Is the post-EHR era upon us?
When announcing his company's seismic $1.3 billion acquisition of Siemens Health Services this past summer, Cerner CEO Neal Patterson noted the deal was meant, in part, to help the electronic health record giant chart a course for the "post-meaningful use" era.
Buddying up with a company as broadly skilled as Siemens was meant to be a strategic pivot toward "the next decade," said Patterson. "The alliance we're creating will drive the next generation of innovations that embed information from the EMR inside advanced diagnostic and therapeutic technologies."
Well, perhaps "post-meaningful use" isn't quite the mot juste.
As Mark Segal, chair of the HIMSS Electronic Health Record Association, reminds us: "Meaningful use is forever."
Sure, it eventually switches from incentives to penalties. But unless and until the law is changed, "it doesn't sunset. That doesn't mean it can't, but it's not written to," says Segal.
Or then again: Perhaps it may be over sooner than anyone thought?
Upon hearing of the Centers for Medicare & Medicaid Services' August Stage 2 rule change – ostensibly meant to offer more flexibility, but also requiring 365 days of EHR reporting in 2015 – CHIME CEO Russell Branzell struck an apocalyptic tone.
Upon learning of the rules newly-onerous requirement, one commenter on HealthcareITNews.com was more willing to put it definitively: "Lets all take a deep breath, and say it: Meaningful use is dead. Now is the time to figure out what to do next."
Whether or not there's any such thing as a "post-meaningful use" era, there's been plenty of discussion recently of a "post-EHR era" – one in which, with the basic commodity of electronic health records now in place and in use, the technology can evolve and improve: better usability and design, mobile device interfaces, more seamless interoperability.
The EHRs of the future will be more intuitively designed to support new models of care delivery and payment, observers say. They'll be souped up with analytics capabilities, able to digest consumer-generated data from Fitbits and Jawbones, robust enough to handle a flood of genomics data and translate that into finely personalized clinical decision support.
One day – sooner, or later – the attestation deadlines for meaningful use will be but a memory. But EHRs will still be in place, and, hopefully, much-evolved from their current form, helping deliver care in new, innovative and more effective ways.
This summer, the U.S. Department of Health and Human Services touted new data from the Office of the National Coordinator for Health IT that found "significant increases in the use of electronic health records."
A pair of studies, published in Health Affairs, showed how, by 2013, some 78 percent of office-based physicians had adopted some type of EHR system – and about 48 percent were using EHRs with advanced functionalities. Meanwhile, 59 percent of hospitals had "adopted an EHR system with certain advanced functionalities in 2013, quadruple the percentage for 2010."
So there you have it: By those metrics, Stage 1 meaningful use has been a smashing success. EHRs have been adopted, implemented and are now widely in use, all in just the past five years. Moreover, more and more providers are using systems designed for more than just basic record keeping.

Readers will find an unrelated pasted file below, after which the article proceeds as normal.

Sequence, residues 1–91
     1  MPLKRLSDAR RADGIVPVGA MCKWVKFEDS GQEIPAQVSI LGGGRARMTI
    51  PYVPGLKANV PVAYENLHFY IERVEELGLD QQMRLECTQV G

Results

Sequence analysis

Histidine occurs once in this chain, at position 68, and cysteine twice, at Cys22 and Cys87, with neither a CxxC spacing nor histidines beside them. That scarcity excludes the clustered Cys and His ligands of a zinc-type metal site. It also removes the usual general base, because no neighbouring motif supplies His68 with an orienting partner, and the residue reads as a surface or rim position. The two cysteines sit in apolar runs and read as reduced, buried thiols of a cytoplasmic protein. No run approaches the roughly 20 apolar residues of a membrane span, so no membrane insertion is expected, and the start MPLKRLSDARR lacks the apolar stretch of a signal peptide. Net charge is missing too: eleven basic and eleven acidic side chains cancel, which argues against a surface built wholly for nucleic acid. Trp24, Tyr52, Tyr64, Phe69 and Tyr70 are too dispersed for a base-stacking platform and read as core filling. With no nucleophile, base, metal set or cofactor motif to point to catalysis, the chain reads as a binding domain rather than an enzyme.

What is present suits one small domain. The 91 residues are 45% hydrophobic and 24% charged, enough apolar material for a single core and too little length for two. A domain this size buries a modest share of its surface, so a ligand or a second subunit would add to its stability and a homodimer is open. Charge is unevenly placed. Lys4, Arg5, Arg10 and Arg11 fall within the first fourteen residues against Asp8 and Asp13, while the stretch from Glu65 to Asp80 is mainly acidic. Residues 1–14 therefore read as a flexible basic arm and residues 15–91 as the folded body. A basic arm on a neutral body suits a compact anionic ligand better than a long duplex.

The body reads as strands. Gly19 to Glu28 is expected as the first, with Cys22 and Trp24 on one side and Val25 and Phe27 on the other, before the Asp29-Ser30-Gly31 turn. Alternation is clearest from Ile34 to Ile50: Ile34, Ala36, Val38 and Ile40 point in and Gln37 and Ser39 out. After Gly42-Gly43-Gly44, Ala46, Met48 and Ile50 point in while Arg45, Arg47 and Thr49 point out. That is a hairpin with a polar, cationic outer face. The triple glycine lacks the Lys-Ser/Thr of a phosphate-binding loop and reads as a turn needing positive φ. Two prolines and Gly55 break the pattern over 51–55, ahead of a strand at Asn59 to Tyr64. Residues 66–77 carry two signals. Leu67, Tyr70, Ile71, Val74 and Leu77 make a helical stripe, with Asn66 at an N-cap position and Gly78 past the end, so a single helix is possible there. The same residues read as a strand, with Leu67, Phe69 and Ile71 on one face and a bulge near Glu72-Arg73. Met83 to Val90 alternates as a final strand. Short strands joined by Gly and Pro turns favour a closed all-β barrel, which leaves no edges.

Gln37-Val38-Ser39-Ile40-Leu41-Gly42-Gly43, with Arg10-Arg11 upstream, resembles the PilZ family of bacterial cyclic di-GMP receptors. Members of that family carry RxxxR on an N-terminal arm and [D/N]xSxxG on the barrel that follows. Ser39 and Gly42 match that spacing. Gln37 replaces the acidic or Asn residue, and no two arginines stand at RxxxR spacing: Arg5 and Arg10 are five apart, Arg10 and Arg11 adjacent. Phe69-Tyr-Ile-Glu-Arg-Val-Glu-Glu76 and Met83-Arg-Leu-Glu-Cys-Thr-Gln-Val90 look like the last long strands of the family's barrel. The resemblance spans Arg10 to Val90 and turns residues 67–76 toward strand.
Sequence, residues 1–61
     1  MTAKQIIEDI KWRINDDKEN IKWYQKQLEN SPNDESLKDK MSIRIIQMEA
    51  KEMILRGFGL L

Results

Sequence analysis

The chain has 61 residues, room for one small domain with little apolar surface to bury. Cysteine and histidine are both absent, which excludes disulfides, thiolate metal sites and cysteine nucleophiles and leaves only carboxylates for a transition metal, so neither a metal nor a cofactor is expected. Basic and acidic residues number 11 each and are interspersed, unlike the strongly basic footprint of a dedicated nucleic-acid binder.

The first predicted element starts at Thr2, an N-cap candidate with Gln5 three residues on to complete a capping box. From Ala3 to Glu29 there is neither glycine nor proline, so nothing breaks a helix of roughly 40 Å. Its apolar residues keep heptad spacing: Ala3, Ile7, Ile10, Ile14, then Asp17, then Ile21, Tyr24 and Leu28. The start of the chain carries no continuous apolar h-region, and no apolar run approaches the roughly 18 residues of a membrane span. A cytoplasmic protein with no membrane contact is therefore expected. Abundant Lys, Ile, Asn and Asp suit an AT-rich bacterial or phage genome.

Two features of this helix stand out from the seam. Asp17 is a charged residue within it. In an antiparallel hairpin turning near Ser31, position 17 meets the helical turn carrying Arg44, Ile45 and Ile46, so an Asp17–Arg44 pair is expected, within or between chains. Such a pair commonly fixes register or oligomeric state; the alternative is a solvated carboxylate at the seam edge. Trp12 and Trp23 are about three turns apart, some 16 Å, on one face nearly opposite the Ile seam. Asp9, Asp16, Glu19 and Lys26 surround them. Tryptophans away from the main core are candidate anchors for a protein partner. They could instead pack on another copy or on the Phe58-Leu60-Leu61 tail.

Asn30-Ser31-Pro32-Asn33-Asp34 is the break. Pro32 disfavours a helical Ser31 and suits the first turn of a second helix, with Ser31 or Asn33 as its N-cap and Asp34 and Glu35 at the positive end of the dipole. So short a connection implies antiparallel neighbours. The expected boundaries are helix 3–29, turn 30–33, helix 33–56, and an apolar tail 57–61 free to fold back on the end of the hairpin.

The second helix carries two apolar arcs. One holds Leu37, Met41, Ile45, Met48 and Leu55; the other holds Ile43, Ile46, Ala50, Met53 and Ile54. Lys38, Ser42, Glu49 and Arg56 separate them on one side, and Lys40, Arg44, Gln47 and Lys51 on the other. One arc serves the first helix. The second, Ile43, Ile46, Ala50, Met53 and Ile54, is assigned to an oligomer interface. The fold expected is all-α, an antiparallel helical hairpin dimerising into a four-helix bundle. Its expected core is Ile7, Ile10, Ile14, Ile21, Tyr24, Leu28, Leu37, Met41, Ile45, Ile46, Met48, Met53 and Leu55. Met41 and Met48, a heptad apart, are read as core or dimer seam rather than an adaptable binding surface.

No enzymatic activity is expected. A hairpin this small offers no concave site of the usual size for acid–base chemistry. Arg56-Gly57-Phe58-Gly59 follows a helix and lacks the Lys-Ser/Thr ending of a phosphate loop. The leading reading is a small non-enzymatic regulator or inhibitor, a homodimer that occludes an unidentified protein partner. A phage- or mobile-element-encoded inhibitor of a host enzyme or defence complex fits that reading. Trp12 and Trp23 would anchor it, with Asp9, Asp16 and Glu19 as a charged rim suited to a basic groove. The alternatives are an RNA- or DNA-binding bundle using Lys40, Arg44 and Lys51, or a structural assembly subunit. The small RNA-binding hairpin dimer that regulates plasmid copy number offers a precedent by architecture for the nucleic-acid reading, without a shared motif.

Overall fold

"Patients are seeing the benefits of health IT as a result of the significant strides that have been made in the adoption and meaningful use of electronic health records," said National Coordinator Karen DeSalvo, MD, in a press statement celebrating the results.
Still, she acknowledged, there was plenty of work yet to be done, most notably on interoperability. Stage 1 may have been a relative cakewalk, but Stage 2, as we've seen, has so far been anything but.
"We look forward to working with our partners to ensure that people's digital health information follows them across the care continuum so it will be there when it matters most," said DeSalvo.
As John Halamka, MD, chief information officer of Boston's Beth Israel Deaconess Medical Center was quoted across the Twittersphere after a briefing on those adoption numbers: "EHRs are bi-planes, not yet jet aircraft."
Indeed, John Glaser, CEO of Siemens Health Services – and, back when he was CIO of Partners HealthCare, Halamka's cross-town counterpart – echoed those sentiments in an August interview with Healthcare IT News.
Asked for his thoughts on the "post-EHR era," Glaser said, "I'd be a little careful with the 'post' word. Because there are a lot of EHRs in place that are not used as well as they should be. The technology has been installed, but the organization hasn't leveraged it as well as they should to reengineer their processes and improve care."
While there's a point "at which you shift from installing the technology to really making it work, and work well," he said, too many providers are still not there yet. "So, better to say 'post-installation,' for lack of a better word."
Despite the encouraging uptake numbers, DeSalvo too seems to recognize that most back-patting should be delayed until EHRs are a universal currency. "The policy goal is for everybody to come along and for us to not leave anybody behind, and that includes those served by rural and critical access hospitals," she told Politico.
Nonetheless, it's hard to argue that for the majority of providers, inpatient and outpatient, EHRs are here to stay: widely-used, and almost taken for granted.
A tossed-off turn of phrase in the recent HIMSS Analytics Ambulatory Practice Management and Electronic Health Record study seems to bring that point home: Once so exotic, perhaps even frightening, to physicians, EHRs are now seen as "standard business tools," according to the report.
So now what?